The industrial relations court in Zambia from 1971 to 2017: a study of the evolution of an institution of industrial relations

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Nyundo, Steven
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University of Zambia
Labour courts fulfill important functions for the justice system of a country. In the post Second World War, scholars and jurists advanced different reasons why industrial relations matters should be removed from being heard by the ordinary courts of law and be transferred to specialized institutions, such as, labour courts and industrial tribunals. Similarly, in Zambia the Industrial Relations Court (IRC), now a division of the High Court following the Constitution Amendment of 2016, was established in 1971 as an institution to resolve industrial relations matters or cases in a simpler, speedier, cheaper and informal manner. This study is about the evolution of the IRC as an institution of industrial relations in Zambia. Emphasis is on the composition and jurisdiction of the IRC which has evolved overtime. In this study, mixed methods research approach was used. Doctrinal legal research method was applied and secondary data was collected from journal articles and books on industrial relations. In addition, primary data was collected from stakeholders, such as trade unions, employers‟ organisations and government institutions using interviews and questionnaires. Content analysis was used to analyse the primary data (qualitative). This study has established that the tripartite composition of the Court in Zambia was consistent from its inception in 1971 to 2016. However, under the Constitution of Zambia (Amendment) Act of 2016 the composition of the Court is unipartite. With regard to jurisdiction, like many countries of the world, the IRC in Zambia generally addresses matters within the scope of worker- employer relations. Further, it has been observed that the Court has had positive impact on industrial relations matters. For example, the Court can intervene and enforce decisions on management which appear reluctant to attend to employees‟ reasonable demands. In addition, the Court cannot be restrained from going behind reasons advanced for termination of employment in order to redress any real injustices discovered. On the basis of the findings of this study, it is recommended that the tripartite composition of the Court be reinstated; the judges of the IRC as a division of the High Court be exempted from the requirement to sit robed when hearing cases; that legislation be enacted to prescribe the jurisdiction, powers and sittings of the IRC in conformity with the provisions of Article 120(3)(b) of the Constitution of Zambia (Amendment) Act, 2016. In line with the practice in other countries the Zambian government may consider establishing an Employment Appeal Court (EAC) with exclusive jurisdiction to hear appeals from the IRC on questions of law or mixed law and fact. Key words: Industrial relations, institution, evolution, tripartite, unipartite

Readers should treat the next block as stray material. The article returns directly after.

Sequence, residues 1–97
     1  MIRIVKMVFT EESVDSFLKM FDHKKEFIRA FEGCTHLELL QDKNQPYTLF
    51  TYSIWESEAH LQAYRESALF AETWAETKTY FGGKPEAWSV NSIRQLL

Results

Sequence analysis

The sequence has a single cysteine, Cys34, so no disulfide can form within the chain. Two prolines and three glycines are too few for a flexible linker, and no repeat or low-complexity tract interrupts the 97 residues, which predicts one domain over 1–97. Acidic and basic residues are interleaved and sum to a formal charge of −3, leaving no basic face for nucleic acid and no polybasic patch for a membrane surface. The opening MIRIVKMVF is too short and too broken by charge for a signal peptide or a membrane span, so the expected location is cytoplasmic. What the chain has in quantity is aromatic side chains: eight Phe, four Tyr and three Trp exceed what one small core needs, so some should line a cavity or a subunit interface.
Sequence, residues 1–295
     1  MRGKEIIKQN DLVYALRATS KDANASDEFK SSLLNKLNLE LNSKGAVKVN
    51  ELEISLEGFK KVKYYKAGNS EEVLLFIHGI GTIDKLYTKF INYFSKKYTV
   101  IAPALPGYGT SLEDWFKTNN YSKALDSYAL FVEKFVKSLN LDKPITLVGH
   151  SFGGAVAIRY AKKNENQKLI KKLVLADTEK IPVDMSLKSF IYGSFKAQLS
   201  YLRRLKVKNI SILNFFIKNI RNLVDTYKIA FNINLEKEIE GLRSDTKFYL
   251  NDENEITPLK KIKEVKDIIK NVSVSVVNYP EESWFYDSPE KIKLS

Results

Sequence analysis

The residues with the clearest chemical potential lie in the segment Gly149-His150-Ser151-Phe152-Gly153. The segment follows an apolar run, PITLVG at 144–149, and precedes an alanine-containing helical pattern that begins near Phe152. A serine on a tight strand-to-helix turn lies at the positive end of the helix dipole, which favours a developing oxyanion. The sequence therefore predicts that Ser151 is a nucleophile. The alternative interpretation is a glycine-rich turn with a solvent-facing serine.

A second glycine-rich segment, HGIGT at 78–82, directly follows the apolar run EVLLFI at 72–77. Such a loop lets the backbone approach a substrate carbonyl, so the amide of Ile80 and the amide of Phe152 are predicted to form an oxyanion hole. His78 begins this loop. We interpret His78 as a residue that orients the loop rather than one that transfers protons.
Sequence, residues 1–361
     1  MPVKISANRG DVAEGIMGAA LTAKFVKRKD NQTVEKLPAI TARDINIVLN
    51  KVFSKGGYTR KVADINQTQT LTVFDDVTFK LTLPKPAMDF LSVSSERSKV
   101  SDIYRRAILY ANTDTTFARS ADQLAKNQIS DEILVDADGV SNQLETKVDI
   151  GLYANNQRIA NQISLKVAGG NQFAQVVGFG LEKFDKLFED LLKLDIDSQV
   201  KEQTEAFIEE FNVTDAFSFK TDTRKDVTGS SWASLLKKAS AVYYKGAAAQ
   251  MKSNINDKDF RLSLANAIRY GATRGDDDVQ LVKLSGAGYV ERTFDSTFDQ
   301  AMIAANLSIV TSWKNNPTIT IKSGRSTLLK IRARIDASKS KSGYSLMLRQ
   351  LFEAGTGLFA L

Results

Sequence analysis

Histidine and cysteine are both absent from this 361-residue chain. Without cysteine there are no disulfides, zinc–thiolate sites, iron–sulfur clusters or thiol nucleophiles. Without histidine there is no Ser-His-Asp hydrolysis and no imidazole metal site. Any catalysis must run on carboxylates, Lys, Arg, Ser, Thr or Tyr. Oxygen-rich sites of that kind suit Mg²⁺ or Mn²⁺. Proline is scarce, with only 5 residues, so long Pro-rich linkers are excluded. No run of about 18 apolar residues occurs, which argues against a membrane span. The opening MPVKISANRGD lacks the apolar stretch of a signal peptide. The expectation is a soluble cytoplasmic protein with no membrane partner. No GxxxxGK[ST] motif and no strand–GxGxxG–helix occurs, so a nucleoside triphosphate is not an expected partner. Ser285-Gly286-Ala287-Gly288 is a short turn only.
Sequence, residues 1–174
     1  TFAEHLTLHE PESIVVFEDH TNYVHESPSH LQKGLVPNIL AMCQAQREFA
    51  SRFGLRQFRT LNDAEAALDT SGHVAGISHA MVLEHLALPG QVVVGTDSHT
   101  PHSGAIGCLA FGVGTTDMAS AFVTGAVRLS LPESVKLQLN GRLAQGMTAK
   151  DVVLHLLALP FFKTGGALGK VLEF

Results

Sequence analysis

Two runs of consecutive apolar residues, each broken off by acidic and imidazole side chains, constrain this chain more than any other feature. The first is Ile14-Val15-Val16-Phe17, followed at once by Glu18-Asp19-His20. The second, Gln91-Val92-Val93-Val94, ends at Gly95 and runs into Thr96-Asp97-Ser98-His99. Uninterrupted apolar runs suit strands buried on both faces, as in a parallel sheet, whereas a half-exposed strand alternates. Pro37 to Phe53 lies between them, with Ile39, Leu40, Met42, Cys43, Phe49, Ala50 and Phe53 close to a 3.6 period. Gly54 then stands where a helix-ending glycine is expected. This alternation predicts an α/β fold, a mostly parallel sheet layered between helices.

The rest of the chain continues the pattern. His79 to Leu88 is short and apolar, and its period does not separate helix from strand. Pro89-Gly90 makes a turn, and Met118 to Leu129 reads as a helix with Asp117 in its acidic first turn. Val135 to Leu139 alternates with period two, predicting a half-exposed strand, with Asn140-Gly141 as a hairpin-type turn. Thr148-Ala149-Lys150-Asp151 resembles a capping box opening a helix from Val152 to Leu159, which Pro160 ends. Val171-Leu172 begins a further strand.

Industrial Relations Court--Zambia